It's called "Skepticism, faith and Sept. 11" and it starts out like this:
Twentieth-century philosopher Paul Ricoeur once declared that "the contrary of suspicion, I will say bluntly, is faith." I am an ardent skeptic who wishes he had faith, and because of this I envy my housemate. He sees the casus belli of the self-same national events that I view with suspicion as explainable by the most commonly held assumption. He has faith, particularly faith in our nation.Personally I have found it exceedingly helpful to turn my skepticism toward those with a track record of lying, indeed to all parties who have made a "habit" of benefitting from the misfortunes of others. In the meantime I still have faith, but not in the government.
I was never more aware of the difference between skepticism and faith than when I begged this housemate to come with me to the Scholars for 9/11 Truth (an organization of students, faculty members and professionals who are suspicious of the government's explanation of the Sept. 11 attacks) event last week.
What do I believe in? The power of the scientific method to discover physical truths, the power of truth to conquer lies (eventually), and the power of honest people to work together, among other things. But let's rejoin Mike Eber:
I compartmentalized my uneasy skepticism until hearing one of the speakers at Scholars for 9/11 Truth, Lt. Colonel Robert Bowman. Bowman was the former director of advanced space programs development in the Ford and Carter administrations and holds a doctorate from Cal Tech in aeronautics and nuclear engineering. Bowman insisted that instead of investigating the physical impossibilities of the hypothesized collapse, it would be to our nation's interest to turn our investigation instead to America's inability to carry out a proper investigation.This is a very simple matter, I believe. It's not that America is unable to carry out a proper investigation; it's simply that such an investigation would be extremely dangerous to those who hold political power in this country, so therefore it's not going to happen. Not without a major power shift -- one which, sad to say, does not appear imminent.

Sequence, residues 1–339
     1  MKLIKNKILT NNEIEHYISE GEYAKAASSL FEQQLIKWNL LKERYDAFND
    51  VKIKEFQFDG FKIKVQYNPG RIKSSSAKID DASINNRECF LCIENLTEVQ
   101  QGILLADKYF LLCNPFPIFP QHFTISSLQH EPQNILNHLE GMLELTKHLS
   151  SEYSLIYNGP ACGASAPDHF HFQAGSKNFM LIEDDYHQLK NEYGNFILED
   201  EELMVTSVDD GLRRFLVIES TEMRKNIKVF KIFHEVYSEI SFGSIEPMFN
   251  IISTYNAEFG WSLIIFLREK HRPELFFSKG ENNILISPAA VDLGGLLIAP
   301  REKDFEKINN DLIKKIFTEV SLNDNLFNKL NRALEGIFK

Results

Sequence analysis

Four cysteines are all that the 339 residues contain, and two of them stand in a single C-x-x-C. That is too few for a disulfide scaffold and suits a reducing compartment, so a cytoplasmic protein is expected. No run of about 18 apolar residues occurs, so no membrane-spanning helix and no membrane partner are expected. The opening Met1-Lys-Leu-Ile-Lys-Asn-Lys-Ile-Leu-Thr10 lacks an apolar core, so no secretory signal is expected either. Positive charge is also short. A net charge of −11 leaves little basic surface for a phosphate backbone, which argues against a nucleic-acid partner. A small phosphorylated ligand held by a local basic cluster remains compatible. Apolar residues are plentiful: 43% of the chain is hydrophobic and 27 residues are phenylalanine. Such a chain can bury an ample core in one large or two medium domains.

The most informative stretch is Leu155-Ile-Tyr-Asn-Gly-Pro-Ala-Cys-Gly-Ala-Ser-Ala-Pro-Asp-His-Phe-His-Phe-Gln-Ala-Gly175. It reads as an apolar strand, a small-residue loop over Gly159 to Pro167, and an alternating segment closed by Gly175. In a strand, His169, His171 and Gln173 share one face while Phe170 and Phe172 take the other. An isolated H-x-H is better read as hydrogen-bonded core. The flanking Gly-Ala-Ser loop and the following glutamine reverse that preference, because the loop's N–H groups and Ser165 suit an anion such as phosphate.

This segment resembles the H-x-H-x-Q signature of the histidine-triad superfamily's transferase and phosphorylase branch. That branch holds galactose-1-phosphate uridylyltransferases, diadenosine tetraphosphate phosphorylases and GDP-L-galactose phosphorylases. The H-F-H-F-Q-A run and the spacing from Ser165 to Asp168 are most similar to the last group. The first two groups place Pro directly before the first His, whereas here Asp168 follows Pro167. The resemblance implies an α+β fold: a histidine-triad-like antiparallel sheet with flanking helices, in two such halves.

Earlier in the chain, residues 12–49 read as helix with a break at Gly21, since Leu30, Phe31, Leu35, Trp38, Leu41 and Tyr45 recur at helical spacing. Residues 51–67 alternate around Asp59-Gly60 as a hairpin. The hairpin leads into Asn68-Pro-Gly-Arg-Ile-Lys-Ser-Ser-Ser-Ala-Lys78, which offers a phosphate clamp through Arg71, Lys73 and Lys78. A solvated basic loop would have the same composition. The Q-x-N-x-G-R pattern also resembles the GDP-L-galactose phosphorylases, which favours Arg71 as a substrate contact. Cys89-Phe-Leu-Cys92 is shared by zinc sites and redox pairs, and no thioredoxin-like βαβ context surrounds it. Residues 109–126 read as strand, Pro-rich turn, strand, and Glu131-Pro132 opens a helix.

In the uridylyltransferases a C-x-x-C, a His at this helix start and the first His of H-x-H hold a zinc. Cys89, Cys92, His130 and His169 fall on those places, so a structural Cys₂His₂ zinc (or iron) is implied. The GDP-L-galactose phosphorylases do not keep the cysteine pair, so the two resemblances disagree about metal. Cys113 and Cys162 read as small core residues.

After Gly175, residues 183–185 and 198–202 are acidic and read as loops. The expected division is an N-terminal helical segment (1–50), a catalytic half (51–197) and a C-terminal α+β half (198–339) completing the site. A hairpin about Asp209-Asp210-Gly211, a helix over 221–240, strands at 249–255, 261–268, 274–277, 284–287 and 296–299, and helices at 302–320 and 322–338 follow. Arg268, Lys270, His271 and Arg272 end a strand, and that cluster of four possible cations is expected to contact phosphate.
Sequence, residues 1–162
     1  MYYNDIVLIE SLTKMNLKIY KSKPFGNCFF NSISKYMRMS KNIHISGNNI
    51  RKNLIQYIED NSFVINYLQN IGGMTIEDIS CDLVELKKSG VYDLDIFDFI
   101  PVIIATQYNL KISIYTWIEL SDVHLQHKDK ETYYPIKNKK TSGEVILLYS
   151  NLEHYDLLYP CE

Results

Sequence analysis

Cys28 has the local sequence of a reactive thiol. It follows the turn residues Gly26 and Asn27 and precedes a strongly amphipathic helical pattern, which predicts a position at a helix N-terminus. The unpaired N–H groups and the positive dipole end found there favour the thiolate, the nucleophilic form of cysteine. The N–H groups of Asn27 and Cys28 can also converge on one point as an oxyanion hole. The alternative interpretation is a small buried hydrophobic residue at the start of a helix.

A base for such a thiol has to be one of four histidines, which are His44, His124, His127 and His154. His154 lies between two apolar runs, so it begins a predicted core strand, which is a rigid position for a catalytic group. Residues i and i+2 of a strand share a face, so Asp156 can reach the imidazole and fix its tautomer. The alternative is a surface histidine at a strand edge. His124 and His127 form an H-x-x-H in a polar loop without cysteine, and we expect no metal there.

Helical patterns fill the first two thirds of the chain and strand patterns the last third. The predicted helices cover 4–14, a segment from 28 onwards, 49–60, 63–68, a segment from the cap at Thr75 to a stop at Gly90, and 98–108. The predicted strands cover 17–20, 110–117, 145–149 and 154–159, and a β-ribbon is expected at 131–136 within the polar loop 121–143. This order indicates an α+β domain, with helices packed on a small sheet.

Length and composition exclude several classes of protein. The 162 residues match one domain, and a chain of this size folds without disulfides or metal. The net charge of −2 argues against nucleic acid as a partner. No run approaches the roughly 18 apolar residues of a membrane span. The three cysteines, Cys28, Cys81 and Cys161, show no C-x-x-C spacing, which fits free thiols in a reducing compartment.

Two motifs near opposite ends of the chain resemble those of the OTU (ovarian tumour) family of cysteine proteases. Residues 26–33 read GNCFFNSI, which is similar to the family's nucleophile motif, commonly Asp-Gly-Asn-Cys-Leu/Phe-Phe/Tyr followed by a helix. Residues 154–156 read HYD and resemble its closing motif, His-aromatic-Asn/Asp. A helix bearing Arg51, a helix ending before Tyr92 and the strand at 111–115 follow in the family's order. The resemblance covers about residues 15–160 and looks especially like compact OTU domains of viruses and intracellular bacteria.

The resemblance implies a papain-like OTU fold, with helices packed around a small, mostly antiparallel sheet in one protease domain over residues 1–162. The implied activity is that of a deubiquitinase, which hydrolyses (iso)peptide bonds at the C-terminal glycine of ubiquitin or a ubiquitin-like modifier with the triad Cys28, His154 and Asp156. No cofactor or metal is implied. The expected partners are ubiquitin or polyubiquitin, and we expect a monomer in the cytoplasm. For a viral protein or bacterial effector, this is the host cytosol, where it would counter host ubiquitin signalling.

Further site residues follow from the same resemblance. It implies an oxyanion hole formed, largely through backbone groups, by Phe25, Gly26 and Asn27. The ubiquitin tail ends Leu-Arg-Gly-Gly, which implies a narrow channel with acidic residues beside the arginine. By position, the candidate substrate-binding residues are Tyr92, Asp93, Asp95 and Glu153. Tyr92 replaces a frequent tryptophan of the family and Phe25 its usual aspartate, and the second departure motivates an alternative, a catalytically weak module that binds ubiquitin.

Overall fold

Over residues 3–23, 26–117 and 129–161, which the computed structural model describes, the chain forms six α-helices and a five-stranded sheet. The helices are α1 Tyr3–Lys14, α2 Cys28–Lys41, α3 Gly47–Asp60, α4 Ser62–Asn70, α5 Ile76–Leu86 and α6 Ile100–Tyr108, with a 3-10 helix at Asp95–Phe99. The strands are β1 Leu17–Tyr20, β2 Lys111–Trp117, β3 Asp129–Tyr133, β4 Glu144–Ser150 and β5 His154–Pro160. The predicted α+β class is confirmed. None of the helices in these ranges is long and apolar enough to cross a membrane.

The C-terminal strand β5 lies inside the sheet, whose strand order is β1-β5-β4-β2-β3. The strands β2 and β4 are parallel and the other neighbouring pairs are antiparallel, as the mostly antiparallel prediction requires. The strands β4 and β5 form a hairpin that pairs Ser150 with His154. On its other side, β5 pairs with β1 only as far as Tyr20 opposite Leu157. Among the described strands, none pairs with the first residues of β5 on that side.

Later, Mike Eber asks:
Do we bury our instinctual skepticism because of fear of belittlement?I would answer:
No, NO! A thousand times NO! Burying our skepticism is exactly what our enemies want us to do, whether for fear of belittlement or fear of other forms of reprisal.
I've left a couple of comments following Mike Eber's column, encouraging him and his readers to keep digging, and I invite you to visit the Michigan Daily, read the whole column, and make a comment of your own if the urge strikes you.